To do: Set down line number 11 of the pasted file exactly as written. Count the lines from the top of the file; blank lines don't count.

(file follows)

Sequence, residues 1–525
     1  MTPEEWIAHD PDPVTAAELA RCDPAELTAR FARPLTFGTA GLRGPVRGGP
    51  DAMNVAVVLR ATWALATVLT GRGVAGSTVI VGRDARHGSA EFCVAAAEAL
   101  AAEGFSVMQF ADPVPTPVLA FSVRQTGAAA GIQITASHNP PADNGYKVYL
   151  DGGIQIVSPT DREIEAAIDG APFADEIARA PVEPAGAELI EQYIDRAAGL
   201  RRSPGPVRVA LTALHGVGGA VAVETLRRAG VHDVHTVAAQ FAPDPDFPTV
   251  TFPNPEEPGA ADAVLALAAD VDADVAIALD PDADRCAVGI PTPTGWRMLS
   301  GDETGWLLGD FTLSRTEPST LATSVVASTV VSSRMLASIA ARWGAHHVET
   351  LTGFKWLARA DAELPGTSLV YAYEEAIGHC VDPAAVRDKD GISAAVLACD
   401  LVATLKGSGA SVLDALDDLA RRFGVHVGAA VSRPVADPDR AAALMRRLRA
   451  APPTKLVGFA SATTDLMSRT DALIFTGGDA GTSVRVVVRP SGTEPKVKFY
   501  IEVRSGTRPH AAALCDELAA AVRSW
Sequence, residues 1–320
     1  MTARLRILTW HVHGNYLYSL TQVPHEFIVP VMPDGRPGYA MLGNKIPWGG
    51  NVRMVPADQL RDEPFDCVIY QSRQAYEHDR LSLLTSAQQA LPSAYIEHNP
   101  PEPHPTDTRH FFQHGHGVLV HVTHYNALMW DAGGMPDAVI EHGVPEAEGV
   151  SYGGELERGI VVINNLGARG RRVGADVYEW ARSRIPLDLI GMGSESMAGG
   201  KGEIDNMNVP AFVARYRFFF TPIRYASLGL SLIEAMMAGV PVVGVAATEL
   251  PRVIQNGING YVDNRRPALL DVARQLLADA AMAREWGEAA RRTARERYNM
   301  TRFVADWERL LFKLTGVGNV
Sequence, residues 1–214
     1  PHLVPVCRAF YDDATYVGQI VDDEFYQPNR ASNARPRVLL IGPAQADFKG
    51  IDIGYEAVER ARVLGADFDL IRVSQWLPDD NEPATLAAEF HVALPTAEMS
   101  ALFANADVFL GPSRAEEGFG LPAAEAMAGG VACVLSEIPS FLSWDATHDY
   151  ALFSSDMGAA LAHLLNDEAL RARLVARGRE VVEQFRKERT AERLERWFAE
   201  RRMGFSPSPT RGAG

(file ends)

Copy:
   451  APPTKLVGFA SATTDLMSRT DALIFTGGDA GTSVRVVVRP SGTEPKVKFY